“Hudson acts like he’s 15 already. He’s only two!” Alysha’s words and the story that accommodated them made me feel less angry about Coen’s disrespectful behavior the day before when he glared at me from across the living room because I told him we needed to put the iPhone away and eat dinner. His slow and steady “Noooooo” response prompted me to ask him if he too was 15 years old. His veritable reply of “No, mommy. I’m almost three!” was just what I needed to hear to remind me that YES, he is only two and this was an outburst based on pure emotional reaction. Cause and effect is not his strongpoint just yet.
“Preston is still getting up three or four times a night.” Ahhhh, thank GOD! Someone else has a crappy sleeper. Thank you, you lovely couple, for sharing your sleeping whoas and not only speaking of the things at which your child excels. If one more person tells me their baby slept through the night at two weeks old, I’m gonna bust some heads. Mabel wakes up every two to three hours and Coen didn’t sleep through the night regularly until about 17 months. I remember feeling slightly embarrassed telling people that, like I was doing something wrong or my kid was broken or abnormal or deviant. Nope. Kids are all different, and the only parents who actually vocalize their superhero sleeper stories are those with superhero sleepers. Duh. Just because I was not one of them most certainly does not mean I was alone.
And I was so kind as to reciprocate the favor. When Coen let out a rebellious Tarzan-like yell because I wouldn’t let him lug our expensive Nikon camera around the house, Alysha laughed not-so-silently and told me what a relief it was to witness that. Apparently Hudson freaks out in the same manner as our overdramatic Ansel Adams, and only over things that mean nothing and are forgotten about mere seconds post-freak-out. Often times, I feel quite sheepish when Coen has one of these melodramatic meltdowns in public, or when Mabel screams from appetizer to dessert but stops the instant the check is placed on our table. What can I do to stop my child from behaving this way? Why do I never see other kids their age do this when we’re out and about? Am I a bad mother? Oh. My. God. No. According to my super-formal survey of two, I am not alone and it’s completely normal. So there. Let there be tantrums. Anyone who has ever raised a child over the age of two will simply keep on walkin’. (But watch out for those creepy cat ladies. They’re eyes will glare through you like a red-hot poker on a cold winter’s day.)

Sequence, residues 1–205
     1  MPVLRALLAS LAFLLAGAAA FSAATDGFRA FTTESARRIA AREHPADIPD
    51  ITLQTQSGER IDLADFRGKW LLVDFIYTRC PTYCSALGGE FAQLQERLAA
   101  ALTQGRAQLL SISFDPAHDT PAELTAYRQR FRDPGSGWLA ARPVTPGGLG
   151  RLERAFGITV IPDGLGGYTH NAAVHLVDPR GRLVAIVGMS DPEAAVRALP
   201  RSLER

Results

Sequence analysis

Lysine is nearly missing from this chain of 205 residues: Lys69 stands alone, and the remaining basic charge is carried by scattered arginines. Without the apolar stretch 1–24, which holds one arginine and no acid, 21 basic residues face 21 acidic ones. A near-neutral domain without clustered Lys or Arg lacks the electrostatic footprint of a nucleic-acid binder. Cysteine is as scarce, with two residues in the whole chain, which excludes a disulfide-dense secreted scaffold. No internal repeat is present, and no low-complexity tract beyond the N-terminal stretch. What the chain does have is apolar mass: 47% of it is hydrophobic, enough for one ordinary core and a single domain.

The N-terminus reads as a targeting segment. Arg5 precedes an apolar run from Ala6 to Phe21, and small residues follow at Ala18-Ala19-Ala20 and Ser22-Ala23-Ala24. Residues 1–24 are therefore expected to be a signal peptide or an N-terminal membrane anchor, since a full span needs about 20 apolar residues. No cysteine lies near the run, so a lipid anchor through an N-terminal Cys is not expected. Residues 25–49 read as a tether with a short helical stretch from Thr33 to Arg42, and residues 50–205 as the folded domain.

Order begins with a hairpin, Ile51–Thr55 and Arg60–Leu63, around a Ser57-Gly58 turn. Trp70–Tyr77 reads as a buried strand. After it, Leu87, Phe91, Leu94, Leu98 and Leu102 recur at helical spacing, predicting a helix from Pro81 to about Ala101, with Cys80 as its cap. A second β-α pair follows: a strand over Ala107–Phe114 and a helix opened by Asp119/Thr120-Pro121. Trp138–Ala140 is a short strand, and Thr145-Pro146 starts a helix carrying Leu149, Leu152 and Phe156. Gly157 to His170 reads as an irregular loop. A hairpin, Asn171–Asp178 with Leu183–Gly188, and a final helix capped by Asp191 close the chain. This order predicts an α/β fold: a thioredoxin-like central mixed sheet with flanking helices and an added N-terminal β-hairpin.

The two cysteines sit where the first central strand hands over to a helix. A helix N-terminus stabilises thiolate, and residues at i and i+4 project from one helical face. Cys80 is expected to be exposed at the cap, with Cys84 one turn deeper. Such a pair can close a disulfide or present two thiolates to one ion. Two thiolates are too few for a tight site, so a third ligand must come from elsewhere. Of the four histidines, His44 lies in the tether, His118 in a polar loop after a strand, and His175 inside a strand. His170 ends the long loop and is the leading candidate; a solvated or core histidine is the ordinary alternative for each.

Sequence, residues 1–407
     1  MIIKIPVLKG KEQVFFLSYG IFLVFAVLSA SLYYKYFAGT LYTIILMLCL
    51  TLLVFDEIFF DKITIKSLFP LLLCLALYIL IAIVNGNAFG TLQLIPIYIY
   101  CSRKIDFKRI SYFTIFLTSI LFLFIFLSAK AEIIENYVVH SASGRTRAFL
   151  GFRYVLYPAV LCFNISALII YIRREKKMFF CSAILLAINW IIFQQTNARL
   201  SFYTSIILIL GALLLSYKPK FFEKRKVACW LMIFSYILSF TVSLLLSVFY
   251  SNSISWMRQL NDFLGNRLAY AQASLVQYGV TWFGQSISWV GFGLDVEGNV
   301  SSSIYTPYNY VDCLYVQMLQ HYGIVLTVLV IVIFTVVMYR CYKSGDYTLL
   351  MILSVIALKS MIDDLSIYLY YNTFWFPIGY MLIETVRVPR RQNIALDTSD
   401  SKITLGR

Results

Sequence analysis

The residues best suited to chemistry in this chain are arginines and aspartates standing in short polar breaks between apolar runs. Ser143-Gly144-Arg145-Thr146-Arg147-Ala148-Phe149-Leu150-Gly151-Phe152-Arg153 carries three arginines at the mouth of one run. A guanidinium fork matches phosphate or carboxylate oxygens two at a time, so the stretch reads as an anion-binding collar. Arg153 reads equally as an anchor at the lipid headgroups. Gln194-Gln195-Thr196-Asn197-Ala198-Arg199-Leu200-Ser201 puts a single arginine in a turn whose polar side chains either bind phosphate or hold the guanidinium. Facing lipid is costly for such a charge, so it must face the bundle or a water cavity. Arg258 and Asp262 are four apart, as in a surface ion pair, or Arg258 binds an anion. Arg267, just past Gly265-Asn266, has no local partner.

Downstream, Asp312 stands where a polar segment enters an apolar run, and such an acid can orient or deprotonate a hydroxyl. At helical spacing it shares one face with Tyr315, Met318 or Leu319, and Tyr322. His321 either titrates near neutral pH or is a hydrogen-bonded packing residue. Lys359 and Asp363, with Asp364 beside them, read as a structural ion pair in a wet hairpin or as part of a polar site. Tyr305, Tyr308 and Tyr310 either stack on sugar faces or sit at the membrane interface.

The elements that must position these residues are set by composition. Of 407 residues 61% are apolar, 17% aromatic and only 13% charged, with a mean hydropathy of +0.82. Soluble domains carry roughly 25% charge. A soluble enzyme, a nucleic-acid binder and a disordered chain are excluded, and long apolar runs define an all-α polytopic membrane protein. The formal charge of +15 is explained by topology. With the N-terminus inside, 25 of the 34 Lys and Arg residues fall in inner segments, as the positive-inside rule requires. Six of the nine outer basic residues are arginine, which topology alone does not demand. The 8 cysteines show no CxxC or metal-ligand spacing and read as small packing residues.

The night and the pizza went too fast, but I enjoyed every beer and every minute. Sure, life with children makes it harder to go to happy hours, attend parties, be on time for lunch dates, visit old friends, meet new ones, take road trip, be spontaneous, and use dusty old gift certificates to lavish, expensive venues in which you would probably still be uncomfortable when wearing your finest Old Navy ball gown…buuuuut, so so so so worth it. Posh-snob pizza’s got nothing on Papa Murphy’s takeout in a cramped but cozy mad house with old friends and comfortable, pertinent conversations. Yes, planning the outing may now involve the concoction of an elaborate algorithm, but it still happens. And if you’re lucky, you will walk away feeling reassured in yourself and your choices. And it’s all still just as glorious as it was back in the day, but involves less lifting and more laughter. I’d say that’s a pretty good trade-off.